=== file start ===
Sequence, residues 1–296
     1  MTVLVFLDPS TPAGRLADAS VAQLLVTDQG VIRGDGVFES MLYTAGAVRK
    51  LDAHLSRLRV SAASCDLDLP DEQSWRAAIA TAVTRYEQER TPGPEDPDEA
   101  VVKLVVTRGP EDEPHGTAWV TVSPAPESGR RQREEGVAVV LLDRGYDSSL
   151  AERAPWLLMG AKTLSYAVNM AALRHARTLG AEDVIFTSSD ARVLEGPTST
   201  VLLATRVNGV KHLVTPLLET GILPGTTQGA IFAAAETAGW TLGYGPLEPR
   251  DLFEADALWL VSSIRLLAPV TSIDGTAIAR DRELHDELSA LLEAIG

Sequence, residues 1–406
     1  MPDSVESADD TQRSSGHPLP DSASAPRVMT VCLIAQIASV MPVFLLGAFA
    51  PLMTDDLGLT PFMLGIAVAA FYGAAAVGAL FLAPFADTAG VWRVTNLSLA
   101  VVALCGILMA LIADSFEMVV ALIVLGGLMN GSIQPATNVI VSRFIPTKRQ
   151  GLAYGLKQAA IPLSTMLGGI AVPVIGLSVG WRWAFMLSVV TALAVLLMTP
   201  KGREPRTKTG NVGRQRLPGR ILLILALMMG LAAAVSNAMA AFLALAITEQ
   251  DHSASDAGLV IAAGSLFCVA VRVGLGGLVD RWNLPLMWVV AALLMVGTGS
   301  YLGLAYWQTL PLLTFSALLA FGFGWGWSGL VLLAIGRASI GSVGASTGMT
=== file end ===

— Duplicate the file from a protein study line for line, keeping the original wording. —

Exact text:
Sequence, residues 1–296
     1  MTVLVFLDPS TPAGRLADAS VAQLLVTDQG VIRGDGVFES MLYTAGAVRK
    51  LDAHLSRLRV SAASCDLDLP DEQSWRAAIA TAVTRYEQER TPGPEDPDEA
   101  VVKLVVTRGP EDEPHGTAWV TVSPAPESGR RQREEGVAVV LLDRGYDSSL
   151  AERAPWLLMG AKTLSYAVNM AALRHARTLG AEDVIFTSSD ARVLEGPTST
   201  VLLATRVNGV KHLVTPLLET GILPGTTQGA IFAAAETAGW TLGYGPLEPR
   251  DLFEADALWL VSSIRLLAPV TSIDGTAIAR DRELHDELSA LLEAIG

Sequence, residues 1–406
     1  MPDSVESADD TQRSSGHPLP DSASAPRVMT VCLIAQIASV MPVFLLGAFA
    51  PLMTDDLGLT PFMLGIAVAA FYGAAAVGAL FLAPFADTAG VWRVTNLSLA
   101  VVALCGILMA LIADSFEMVV ALIVLGGLMN GSIQPATNVI VSRFIPTKRQ
   151  GLAYGLKQAA IPLSTMLGGI AVPVIGLSVG WRWAFMLSVV TALAVLLMTP
   201  KGREPRTKTG NVGRQRLPGR ILLILALMMG LAAAVSNAMA AFLALAITEQ
   251  DHSASDAGLV IAAGSLFCVA VRVGLGGLVD RWNLPLMWVV AALLMVGTGS
   301  YLGLAYWQTL PLLTFSALLA FGFGWGWSGL VLLAIGRASI GSVGASTGMT